“I never saw a wild thing
sorry for itself.
A small bird will drop frozen dead from a bough
without ever having felt sorry for itself”
David Herbert Lawrence
I love the synchronicity of life because it serves as a constant reminder that I am not responding to life, but life is in fact responding to me. Yesterday, on a 6- hour drive home from a work trip, I started thinking about pity. I woke up this morning with memories of my rock bottom moment. Then I log onto fb and I come across a poem about self-pity. And here you are, reading the result of those three events.
I have an abundance of compassion, empathy, shoulders to cry on and ears that are open and waiting. But when people need pity, I come up empty handed. Every. Single. Time. Don Miguel Ruiz explains that, “Love is ruthless; it doesn’t feel sorry for anyone, but it does have compassion. Fear is full of pity, it feels sorry for everyone”. He continues explaining that you feel sorry or have pity for someone when you don’t respect them, when you don’t think they are strong enough to make it. Pity is for people you don’t respect, compassion is for those you have the upmost respect for. It is impossible to treat anyone differently than you treat yourself. Whatever you give to others comes out of the coffers of your soul, that which you have reserved for yourself. The reason I don’t pity others is because I don’t pity myself.
When I was thinking about my rock bottom moment 11 years ago, my last thought about myself was, “damn girl, I’m so proud of you”. I didn’t look back at that moment with pity, I looked back at that moment with sadness, compassion, shame and guilt, appreciation and pride but never pity. In 2007 when I graduated from college at the top of my class, having made the Dean’s list several times and being inducted in a few Honors societies and programs, I had no job prospects. In fact, I had applied and interviewed at thirty, yes 30 accounting firms and got nothing. The car I had, a 1994 Lincoln Continental lovingly called “Pimp Juice” had seen its last days and I had no car. That meant the job I did have I would have to quit because it required the use of a vehicle to fulfill job duties. I graduated and would no longer be living on campus which meant I had nowhere to live. I was jobless, without a car, and homeless. Oh, I also didn’t have money, so I had insufficient funds and overdraft fees because hey, I still had to get my fix of fast and junk food to ease my pain. To add insult to injury I was still dealing with the pain of losing a child and a man who broke every part of my heart when he walked away two years prior. I was that frozen bird that fell dead from the bough. Looking back at myself in that moment, I feel overcome with emotions, but not one of them is pity. I feel a ruthless love and an undying respect for myself that I never knew existed and that is what has saved me. Pity would have ended me, but love lifted me.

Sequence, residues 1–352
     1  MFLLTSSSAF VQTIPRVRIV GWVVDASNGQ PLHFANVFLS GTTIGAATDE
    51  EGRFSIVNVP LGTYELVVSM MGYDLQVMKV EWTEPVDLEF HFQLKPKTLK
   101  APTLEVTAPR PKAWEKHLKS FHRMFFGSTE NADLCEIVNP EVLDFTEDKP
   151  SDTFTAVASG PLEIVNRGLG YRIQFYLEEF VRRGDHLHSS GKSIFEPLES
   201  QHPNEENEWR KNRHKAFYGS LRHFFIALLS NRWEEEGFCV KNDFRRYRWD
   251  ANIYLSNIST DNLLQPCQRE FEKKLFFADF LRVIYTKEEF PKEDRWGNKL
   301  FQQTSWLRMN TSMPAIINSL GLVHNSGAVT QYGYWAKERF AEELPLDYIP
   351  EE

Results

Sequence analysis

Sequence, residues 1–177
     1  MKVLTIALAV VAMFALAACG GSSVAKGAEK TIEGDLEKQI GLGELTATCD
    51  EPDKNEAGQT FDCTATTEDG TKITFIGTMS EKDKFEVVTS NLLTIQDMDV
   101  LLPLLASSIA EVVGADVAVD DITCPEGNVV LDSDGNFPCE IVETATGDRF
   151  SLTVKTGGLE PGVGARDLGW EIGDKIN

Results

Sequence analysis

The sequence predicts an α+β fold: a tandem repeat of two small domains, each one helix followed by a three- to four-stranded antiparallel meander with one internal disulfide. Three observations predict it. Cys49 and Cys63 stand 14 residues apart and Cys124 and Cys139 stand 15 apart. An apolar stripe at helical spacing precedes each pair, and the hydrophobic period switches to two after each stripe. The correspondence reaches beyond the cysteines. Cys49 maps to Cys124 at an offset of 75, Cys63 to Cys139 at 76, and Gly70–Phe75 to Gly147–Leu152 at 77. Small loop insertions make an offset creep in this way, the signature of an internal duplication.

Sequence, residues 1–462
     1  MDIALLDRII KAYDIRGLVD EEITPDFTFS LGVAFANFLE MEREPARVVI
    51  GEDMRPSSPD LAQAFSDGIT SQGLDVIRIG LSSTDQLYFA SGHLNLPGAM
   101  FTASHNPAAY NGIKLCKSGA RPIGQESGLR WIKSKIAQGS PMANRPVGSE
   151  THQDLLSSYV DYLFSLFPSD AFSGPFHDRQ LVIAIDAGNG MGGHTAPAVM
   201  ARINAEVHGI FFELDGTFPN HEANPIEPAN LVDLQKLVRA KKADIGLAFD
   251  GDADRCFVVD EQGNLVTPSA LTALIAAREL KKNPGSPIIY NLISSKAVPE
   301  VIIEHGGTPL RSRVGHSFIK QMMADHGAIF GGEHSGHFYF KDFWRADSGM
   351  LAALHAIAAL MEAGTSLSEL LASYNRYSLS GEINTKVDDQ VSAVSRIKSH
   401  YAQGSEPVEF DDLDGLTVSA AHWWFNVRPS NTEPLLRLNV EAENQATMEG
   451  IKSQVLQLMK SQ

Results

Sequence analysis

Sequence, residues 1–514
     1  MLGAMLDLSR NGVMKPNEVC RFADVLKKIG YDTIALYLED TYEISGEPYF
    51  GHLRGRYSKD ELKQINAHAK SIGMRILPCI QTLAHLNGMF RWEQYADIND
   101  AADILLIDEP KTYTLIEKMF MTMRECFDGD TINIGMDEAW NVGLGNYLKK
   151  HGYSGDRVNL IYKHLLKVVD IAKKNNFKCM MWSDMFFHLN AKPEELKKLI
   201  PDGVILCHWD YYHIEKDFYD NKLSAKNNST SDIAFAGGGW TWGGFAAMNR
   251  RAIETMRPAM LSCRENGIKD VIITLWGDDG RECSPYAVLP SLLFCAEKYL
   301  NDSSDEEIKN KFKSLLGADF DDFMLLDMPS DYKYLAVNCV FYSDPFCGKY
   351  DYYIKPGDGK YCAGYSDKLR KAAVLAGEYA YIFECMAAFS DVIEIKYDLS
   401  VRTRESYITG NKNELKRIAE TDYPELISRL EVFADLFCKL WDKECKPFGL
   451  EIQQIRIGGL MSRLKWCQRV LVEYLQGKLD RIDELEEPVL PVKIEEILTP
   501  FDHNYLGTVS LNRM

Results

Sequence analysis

I asked my grandmother if I could stay with her and she welcomed me with open arms. I was depressed and ashamed because of my situation and I isolated myself from mostly everyone. Who wants to be around someone with absolutely nothing. There was only so much pizza and chicken wings that made me feel better, and I went to the only thing that has saved my life time and time again since I was 4 years old; books. I would go to the library and get 3 and 4 books at a time and read them in a week. There was one book and ironically, I cannot remember the name of the book or the author’s name, but it was about Black women and self-esteem. In that book I read something that would change my life. The author said that we are taught how to love ourselves by the adults around us when we are young. She posed the question, “who taught you to hate yourself”. Answering that question precipitated this painfully beautiful journey to self-love and self-healing that I’ve been on for 11 years and you read about in this blog. There have been countless tears, poor choices, pain, and shame over the years and it would take pages to describe it all. It hasn’t been easy but never has a tear been shed with pity. Why? Because a wild thing never feels sorry for itself. A wild thing who is born to fly, born to be free, and rife with purpose and beauty will find pity to be useless. A wild thing will however pull on the strength of her ancestors and the promises of God to somehow keep going no matter how lost and confused that wild thing is. Life will knock you down plenty; love will cause you to pick yourself up where pity keeps you down. Forever. What will you choose? Because pity and love cannot coexist.
Kathleen, The Nutritional Truth Teller is a Certified Holistic Nutritionist and Certified Nutrition and Wellness Consultant. She is owner of Beauty In A Barbell Nutrition, whose mission is to optimize the physical, mental and spiritual health of the Black Community. She pulls on the ancestral knowledge and wisdom of her ancestors who worked as healers and medicine men and women.